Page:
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Why did catholics in Northern Ireland protest in they years 1968-1981

During the years of 1968-1981, Catholics faced oppression from the Protestant community as they both had different views on how the country should be run

The Catholic minority in the country at the time, protestants were the majority 2:1, faced discrimination due to the fact that they as a group couldn't get their views across. They could not do this as the majority of housing owned was protestant owned, and protestant ownership meant that protestants had the majority of the vote, as in Ireland, it was law that you could only vote if you owned a house. This meant that the Protestant community were the majority in power and that their viewpoints and way of life was implemented more heavily, and that they had more say with regards to welfare, law, fairness and equality. One surefire example of this was the voting that took place for the new parliament, when the votes came in and showed that there was 14,000 votes for a Catholic Government, but only 9,000 votes for a Protestant government. However when seats were appointed, 12 were given to protestant MP’s and 8 to catholic MP’s, showing that this made no sense and this proves that the voting was rigged and catholics could be more easily discriminated on.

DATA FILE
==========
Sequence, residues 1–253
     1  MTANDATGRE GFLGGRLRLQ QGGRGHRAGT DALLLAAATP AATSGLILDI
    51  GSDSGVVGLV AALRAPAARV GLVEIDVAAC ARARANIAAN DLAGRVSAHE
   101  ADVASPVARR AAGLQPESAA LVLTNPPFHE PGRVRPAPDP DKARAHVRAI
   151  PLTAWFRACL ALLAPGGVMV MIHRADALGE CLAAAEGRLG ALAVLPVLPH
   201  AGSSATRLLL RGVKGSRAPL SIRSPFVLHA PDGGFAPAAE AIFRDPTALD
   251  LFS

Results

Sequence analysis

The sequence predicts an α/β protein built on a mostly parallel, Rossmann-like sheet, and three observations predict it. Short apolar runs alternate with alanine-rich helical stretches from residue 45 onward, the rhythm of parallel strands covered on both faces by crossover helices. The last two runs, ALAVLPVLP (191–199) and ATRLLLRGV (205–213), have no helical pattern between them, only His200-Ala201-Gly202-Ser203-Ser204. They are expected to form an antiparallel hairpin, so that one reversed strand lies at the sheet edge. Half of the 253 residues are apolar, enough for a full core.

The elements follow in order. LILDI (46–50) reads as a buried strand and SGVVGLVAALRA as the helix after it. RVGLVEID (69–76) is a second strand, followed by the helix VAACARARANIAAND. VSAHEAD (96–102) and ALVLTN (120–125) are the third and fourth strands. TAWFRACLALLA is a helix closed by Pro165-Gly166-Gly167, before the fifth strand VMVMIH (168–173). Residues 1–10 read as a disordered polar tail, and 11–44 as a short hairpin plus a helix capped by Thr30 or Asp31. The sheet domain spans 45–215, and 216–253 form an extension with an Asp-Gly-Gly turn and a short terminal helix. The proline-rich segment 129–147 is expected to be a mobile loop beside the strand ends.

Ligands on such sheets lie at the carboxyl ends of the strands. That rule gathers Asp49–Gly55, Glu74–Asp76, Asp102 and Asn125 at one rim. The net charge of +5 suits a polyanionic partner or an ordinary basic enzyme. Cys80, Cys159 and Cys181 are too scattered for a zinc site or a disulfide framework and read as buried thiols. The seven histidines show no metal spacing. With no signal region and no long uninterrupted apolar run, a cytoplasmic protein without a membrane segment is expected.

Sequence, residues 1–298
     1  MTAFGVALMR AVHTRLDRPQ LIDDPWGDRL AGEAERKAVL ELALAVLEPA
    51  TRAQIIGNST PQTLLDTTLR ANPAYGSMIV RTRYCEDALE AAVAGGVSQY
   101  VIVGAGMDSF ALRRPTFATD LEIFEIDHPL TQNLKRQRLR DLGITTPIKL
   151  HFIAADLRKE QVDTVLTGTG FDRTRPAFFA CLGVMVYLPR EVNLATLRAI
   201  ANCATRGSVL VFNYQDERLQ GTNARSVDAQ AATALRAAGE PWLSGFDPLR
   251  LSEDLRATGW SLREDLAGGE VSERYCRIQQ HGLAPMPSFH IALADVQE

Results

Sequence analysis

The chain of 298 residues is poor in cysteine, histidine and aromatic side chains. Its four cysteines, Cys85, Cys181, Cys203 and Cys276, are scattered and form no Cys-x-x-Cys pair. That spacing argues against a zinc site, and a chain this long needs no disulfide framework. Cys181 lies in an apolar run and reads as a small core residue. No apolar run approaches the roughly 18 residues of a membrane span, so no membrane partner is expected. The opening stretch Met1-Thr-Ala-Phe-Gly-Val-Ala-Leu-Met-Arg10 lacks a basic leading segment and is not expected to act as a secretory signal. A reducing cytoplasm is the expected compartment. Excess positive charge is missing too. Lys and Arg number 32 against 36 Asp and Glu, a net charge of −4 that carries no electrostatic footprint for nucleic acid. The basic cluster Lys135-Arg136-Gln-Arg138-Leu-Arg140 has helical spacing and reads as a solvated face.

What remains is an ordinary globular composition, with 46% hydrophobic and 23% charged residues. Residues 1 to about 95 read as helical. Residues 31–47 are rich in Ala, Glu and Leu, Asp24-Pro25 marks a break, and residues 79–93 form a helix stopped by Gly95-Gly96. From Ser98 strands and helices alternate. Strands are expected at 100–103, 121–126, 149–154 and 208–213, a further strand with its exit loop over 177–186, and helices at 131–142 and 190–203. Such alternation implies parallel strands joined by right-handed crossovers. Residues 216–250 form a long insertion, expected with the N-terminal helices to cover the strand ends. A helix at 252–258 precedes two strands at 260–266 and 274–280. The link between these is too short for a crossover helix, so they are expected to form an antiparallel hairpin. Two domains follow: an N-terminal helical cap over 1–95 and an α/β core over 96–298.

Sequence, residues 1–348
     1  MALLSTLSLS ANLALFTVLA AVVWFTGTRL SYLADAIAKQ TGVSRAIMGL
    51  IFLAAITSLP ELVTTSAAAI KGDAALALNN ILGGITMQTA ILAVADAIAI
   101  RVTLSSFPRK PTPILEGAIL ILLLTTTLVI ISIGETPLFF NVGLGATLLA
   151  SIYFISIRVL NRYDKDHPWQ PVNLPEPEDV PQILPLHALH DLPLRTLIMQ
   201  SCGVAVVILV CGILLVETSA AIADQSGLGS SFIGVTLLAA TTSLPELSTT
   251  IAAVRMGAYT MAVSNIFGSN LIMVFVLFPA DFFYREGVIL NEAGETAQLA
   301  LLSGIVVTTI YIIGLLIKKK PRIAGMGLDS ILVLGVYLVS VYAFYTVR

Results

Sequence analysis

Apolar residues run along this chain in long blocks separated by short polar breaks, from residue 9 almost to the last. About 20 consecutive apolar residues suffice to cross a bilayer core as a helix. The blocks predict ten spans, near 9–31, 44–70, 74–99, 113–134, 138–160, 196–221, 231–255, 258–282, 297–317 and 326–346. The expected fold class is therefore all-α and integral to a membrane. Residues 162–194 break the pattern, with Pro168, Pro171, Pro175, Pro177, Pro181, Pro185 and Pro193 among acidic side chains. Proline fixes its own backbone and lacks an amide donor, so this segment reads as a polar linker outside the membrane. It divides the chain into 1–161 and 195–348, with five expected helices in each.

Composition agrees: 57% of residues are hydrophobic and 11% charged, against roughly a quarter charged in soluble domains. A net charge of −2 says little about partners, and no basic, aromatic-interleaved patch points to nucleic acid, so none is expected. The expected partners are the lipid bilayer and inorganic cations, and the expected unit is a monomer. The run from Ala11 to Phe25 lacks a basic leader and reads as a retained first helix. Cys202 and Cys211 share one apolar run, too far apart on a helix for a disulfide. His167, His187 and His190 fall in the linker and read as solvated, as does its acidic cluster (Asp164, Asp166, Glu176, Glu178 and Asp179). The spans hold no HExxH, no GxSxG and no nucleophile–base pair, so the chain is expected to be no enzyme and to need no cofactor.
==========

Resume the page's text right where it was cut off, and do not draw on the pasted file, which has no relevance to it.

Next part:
Also adding to this was the fact that the majority of the police force was protestant, 90%, and this meant that the police was biased towards protestants and let them off more lightly than a catholic offender for example, and they saw the catholic community the reason for all the problems in the country at the time. This was seen as negative discrimination and was a factor that caused the protests in Northern Ireland.

Catholics also faced discrimination because of attacks on them while protesting quite innocently, as the events of Bloody Sunday show. 13 unarmed, catholic protesters were shot in the back while running away from Army paratroopers who fired on these innocent people,...

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